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Editorial: New energy for Salisbury

Salisbury City Council

Graphic by Andy Mooney, Salisbury Post.

Graphic by Andy Mooney, Salisbury Post.

Salisbury voters on Tuesday chose three incumbents, as well as two newcomers known for independent thinking. This could set the stage for conflict, or it could be just the burst of new energy Salisbury City Council needs.

Let’s go with new energy.

First of all, congratulations to all the candidates for what has been a lively campaign. The fact that 16 people filed for the council suggested discontent was rampant. From crime to Fibrant finances and the still-unexplained departure of a city manager, the city has plenty of issues to frustrate citizens. Most cities do.

Happily, though, the resulting slate was not just large; it was also strong. Able, intelligent people stepped up to serve their city. Voters may have wished they could have voted for more than five.

The large number of candidates made the race hard to predict, but city voters rarely turn out incumbents — and never three at once, at least not in recent history. So incumbents Karen Alexander, Maggie Blackwell and Brian Miller appeared to be safe bets. They also looked like very worthy candidates, servant leaders who work toward continuous improvement in city services and the community. Alexander, the leading vote-getter and probably our next mayor, has been a hard worker who studies issues carefully and represents the city well. The same can be said for Blackwell and Miller. They are smart, dedicated and in touch with wide swaths of city voters.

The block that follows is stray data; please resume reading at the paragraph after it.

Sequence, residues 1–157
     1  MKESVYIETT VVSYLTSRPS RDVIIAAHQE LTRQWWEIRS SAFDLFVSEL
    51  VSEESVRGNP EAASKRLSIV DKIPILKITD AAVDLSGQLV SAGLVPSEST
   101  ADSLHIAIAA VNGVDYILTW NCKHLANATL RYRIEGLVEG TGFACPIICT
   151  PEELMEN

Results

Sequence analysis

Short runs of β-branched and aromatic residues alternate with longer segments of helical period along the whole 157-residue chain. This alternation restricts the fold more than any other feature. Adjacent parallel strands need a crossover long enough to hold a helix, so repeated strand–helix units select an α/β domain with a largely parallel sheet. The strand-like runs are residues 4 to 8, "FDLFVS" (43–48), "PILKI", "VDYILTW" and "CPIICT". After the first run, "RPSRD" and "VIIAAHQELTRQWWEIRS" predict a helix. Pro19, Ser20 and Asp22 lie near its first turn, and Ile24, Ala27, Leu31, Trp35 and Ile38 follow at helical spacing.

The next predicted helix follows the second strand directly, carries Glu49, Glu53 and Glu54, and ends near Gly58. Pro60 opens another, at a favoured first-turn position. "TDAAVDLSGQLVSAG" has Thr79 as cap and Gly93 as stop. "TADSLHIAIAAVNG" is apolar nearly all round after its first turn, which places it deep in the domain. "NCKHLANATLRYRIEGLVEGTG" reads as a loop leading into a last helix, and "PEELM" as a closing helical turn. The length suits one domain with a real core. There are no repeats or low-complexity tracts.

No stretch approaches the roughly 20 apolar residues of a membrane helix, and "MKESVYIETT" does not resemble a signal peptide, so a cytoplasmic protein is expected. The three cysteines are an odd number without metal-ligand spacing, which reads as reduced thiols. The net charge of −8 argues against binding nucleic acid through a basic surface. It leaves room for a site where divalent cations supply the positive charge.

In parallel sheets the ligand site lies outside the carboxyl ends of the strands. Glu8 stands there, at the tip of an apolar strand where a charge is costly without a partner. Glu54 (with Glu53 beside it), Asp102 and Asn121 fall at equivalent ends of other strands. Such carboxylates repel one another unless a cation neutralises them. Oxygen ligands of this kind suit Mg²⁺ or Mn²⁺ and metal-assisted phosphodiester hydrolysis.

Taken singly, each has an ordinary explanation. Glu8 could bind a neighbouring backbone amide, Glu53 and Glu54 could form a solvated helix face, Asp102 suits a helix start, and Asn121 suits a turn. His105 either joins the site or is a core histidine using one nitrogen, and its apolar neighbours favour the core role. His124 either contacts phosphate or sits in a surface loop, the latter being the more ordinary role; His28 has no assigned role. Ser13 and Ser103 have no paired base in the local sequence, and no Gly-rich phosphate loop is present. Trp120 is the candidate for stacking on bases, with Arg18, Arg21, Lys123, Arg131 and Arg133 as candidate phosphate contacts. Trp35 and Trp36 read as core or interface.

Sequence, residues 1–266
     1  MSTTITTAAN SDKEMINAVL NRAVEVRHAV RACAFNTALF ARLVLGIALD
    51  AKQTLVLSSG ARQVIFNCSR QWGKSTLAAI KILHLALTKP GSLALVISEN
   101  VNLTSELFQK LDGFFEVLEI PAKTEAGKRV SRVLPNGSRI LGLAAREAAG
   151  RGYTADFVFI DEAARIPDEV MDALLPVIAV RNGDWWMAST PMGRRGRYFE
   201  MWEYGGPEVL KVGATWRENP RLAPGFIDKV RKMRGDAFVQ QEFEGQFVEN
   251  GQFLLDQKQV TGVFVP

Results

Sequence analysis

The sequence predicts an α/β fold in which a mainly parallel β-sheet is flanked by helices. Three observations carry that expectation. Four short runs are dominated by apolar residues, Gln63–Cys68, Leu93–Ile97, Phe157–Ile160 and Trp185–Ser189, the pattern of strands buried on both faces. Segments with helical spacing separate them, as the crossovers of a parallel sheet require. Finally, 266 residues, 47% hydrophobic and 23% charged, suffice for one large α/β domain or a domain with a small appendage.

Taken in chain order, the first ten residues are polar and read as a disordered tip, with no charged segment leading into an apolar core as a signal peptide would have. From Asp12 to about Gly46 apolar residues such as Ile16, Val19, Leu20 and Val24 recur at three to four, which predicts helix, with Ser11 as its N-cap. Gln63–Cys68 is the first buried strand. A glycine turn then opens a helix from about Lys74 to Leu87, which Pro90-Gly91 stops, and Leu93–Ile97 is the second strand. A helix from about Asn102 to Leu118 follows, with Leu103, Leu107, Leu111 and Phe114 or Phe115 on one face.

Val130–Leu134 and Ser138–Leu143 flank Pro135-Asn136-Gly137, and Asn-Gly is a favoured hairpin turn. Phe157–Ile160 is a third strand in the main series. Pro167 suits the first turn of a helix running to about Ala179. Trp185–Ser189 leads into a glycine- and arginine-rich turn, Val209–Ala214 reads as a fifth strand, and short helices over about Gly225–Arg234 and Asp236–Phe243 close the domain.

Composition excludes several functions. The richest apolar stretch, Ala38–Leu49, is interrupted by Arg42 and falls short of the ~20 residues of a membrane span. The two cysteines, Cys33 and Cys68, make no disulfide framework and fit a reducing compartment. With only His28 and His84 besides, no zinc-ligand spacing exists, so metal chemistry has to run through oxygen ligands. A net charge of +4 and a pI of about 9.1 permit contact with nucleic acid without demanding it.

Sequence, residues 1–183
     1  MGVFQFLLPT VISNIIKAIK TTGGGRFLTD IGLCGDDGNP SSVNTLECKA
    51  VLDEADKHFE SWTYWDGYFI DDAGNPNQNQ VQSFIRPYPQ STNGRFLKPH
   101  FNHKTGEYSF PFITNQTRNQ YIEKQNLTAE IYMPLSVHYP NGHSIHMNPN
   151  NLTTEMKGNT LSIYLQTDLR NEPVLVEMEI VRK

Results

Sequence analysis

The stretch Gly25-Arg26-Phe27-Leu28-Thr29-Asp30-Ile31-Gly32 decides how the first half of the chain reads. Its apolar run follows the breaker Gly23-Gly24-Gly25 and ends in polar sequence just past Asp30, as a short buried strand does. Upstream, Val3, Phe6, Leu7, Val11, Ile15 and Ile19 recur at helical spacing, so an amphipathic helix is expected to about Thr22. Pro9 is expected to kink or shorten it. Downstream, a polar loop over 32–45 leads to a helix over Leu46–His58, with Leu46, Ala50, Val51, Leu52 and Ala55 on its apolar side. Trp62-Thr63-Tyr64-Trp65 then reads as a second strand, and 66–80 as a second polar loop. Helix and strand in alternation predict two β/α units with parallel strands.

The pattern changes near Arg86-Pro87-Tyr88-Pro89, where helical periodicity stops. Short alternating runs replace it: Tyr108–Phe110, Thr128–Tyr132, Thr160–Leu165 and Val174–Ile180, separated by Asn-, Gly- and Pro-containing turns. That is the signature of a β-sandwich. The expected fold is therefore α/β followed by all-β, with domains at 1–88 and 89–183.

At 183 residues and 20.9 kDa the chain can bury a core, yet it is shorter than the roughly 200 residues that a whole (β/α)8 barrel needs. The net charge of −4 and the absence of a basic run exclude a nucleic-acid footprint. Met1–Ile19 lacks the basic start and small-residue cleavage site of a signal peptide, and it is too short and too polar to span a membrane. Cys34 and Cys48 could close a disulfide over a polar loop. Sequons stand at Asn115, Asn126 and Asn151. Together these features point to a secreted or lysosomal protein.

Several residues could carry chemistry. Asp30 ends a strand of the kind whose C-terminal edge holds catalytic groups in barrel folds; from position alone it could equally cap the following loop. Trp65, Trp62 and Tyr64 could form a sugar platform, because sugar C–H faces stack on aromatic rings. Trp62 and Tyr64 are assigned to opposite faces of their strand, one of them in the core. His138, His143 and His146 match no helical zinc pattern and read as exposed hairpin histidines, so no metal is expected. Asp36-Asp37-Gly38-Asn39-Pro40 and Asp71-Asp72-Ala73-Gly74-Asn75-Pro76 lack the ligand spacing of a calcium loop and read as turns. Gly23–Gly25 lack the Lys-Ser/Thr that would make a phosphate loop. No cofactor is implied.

It’s unusual for two sitting council members to decide not to seek re-election, as Mayor Paul Woodson and Pete Kennedy did this year after long service to the city. This double opportunity probably had more to do with the large field of candidates than voter dissatisfaction. David Post and Kenny Hardin rose to the top, both well known around town and well versed in city issues. They will bring fresh thinking to council discussions, as well as a willingness to go against the flow if they see the majority headed the wrong way. City council has been known for developing consensus and voting unanimously; brace yourself for more debate and less unanimity. That’s healthy as long as people can agree to disagree or work out reasonable compromises.

It was refreshing to see so many people eager to run for city office. Now let’s find ways to get residents from all parts of the city and all walks of life involved in making Salisbury a better place to live. Outgoing council members helped establish a strong foundation. This council can build on that.

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